Corporate Finance

Analyst Questions Petrobras’ Hedge Accounting

If the Brazilian oil company continues to use hedge accounting, its earnings could be "significantly depressed" until 2025, Deutsche Bank analyst s...
Matthew HellerDecember 8, 2015

Petrobras, Brazil’s national oil company, may soon have to pay the piper for using hedge accounting to limit the impact of exchange rate variations on its dollar-denominated debt, according to a Wall Street analyst.

Starting in May 2013, Petrobras set aside about 20% of export proceeds in a special account for seven years, allowing it to protect about 70% of its net debt from exchange-rate variations. The Brazilian real’s recent decline against the dollar had caused the local-currency value of the company’s foreign-currency liabilities and debt payments to rise sharply.

Petrobras had increased borrowing to finance a $237 billion, five-year investment plan, the world’s largest corporate spending program.

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In a research note, analyst Alexander Burgansky of Deutsche Bank said Petrobras is currently hedging $58 billion of its designated “highly probable” future dollar-denominated exports and has unrecognized after-tax foreign-exchange losses of $21 million.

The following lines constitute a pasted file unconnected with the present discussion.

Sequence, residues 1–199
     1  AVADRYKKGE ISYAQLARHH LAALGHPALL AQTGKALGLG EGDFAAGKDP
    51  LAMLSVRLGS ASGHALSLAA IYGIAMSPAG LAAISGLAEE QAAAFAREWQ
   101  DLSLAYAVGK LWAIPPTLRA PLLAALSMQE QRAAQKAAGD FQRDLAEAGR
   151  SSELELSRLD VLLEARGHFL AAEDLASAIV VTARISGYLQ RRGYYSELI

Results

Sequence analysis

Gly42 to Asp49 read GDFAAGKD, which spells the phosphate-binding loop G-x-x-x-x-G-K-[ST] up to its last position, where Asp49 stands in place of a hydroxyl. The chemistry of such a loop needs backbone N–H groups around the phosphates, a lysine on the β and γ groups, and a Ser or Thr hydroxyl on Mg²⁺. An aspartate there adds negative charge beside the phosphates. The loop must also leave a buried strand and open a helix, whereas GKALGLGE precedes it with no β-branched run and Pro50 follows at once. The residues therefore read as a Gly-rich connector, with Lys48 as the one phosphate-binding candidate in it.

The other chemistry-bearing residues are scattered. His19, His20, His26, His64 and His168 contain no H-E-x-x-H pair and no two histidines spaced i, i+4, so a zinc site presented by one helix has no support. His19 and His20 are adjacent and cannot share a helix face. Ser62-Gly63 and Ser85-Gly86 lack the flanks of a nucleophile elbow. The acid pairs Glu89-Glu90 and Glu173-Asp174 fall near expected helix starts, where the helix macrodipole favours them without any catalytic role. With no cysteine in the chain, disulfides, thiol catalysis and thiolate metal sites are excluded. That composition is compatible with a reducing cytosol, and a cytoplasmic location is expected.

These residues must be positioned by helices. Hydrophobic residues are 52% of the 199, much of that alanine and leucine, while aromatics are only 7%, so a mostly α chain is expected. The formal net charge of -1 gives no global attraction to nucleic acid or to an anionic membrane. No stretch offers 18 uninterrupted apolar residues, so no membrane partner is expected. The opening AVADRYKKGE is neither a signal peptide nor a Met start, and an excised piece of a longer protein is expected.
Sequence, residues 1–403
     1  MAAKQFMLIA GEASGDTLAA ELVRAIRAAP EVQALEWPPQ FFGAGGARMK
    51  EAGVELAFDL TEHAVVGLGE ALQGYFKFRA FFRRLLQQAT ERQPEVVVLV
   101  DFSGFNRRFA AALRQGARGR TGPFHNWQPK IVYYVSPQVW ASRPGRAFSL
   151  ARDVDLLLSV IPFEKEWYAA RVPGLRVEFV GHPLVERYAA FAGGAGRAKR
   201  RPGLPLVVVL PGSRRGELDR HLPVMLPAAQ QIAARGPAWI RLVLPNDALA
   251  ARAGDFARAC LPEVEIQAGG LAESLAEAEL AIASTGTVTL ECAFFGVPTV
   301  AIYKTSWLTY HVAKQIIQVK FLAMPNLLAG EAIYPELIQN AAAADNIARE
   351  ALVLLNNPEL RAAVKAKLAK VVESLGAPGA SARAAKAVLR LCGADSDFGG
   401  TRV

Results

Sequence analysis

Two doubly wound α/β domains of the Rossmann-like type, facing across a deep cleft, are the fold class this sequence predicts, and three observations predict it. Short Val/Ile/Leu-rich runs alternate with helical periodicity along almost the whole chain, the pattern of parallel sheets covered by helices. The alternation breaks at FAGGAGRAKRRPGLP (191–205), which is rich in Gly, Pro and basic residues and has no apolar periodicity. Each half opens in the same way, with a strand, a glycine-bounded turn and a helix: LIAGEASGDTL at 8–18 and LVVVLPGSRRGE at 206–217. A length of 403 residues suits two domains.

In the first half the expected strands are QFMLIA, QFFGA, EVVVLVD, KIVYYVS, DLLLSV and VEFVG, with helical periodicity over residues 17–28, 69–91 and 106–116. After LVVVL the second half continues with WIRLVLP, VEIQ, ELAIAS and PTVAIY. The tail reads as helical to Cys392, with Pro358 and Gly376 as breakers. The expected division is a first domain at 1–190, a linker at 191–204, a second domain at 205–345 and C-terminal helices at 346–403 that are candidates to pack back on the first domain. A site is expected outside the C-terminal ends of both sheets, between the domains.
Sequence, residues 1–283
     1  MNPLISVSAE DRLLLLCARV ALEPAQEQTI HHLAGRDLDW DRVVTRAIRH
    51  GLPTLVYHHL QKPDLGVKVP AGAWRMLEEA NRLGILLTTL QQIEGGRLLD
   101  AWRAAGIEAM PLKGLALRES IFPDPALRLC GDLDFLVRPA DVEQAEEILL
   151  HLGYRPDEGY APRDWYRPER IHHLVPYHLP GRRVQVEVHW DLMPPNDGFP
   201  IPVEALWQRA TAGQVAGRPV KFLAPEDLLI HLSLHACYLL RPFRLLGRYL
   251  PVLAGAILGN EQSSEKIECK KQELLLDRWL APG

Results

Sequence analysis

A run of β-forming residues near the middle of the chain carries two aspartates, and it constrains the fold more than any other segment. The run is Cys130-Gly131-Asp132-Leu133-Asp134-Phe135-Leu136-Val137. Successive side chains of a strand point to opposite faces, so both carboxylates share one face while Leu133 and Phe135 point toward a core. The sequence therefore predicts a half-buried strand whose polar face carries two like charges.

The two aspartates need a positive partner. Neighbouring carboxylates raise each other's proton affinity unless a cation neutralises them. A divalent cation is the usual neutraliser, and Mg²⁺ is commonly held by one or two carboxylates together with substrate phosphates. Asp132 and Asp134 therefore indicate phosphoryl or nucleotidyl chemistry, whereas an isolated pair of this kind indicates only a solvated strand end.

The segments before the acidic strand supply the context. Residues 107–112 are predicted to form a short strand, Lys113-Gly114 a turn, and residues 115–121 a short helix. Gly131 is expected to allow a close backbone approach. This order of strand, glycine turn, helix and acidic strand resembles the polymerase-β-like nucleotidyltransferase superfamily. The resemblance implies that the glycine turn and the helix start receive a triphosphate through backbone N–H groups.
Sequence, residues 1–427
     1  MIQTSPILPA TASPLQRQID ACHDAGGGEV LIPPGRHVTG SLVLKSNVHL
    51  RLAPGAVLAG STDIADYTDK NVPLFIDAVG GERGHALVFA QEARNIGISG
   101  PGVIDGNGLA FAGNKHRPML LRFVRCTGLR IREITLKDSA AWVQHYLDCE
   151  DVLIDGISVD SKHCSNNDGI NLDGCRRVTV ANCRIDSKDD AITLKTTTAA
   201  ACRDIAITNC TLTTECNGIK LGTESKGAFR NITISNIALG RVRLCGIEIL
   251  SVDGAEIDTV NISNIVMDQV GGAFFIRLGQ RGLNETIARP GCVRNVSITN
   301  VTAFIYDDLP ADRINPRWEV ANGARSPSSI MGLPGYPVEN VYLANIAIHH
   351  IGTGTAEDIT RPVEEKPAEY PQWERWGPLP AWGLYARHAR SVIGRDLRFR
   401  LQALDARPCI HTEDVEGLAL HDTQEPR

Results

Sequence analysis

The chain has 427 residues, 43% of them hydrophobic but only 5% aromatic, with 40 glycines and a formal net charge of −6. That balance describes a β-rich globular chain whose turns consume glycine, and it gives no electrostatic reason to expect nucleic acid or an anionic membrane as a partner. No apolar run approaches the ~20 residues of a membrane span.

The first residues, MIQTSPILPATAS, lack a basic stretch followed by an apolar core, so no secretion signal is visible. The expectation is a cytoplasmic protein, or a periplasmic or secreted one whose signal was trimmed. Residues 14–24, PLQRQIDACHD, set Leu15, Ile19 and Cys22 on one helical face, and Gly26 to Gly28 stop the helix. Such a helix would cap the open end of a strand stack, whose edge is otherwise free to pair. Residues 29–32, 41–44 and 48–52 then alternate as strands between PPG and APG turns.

“We believe recent events may require Petrobras to reassess the size of the hedge as some its future exports may have become less probable in light of a change to production growth outlook and lower oil prices,” he said. “In this case Petrobras may be required to discontinue — at least partially — the use of hedge accounting, which may result in an immediate recognition of a portion of its $21 billion unrealized forex loss in its income statement.”

An accounting loss would reduce the likelihood of a preferred stock dividend being declared, according to the analyst.

If, on the other hand, Petrobras were to continue using hedge accounting, Burgansky said, “it will have to start reclassifying the gigantic [forex loss] into its income statement starting from 2016, significantly depressing its accounting earnings for the next nine years (until 2025).”

Burgansky asked, “Can this outcome be considered consistent with the original purpose of hedge accounting? If so, the company’s earnings will be depressed for years to come, delaying the first ordinary dividend until 2018, we estimate.”

Petrobras said hedge accounting would allow its financial results “to be better aligned with its economic and operating reality.”